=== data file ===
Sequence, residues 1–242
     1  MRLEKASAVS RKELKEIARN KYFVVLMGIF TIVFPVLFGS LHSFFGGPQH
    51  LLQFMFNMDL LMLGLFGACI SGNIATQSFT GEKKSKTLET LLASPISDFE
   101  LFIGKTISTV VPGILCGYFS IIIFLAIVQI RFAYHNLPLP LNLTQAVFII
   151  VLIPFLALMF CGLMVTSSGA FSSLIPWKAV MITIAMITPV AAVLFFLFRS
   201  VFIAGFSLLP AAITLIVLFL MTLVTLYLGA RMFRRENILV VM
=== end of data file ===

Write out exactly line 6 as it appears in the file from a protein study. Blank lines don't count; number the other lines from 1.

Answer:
   201  VFIAGFSLLP AAITLIVLFL MTLVTLYLGA RMFRRENILV VM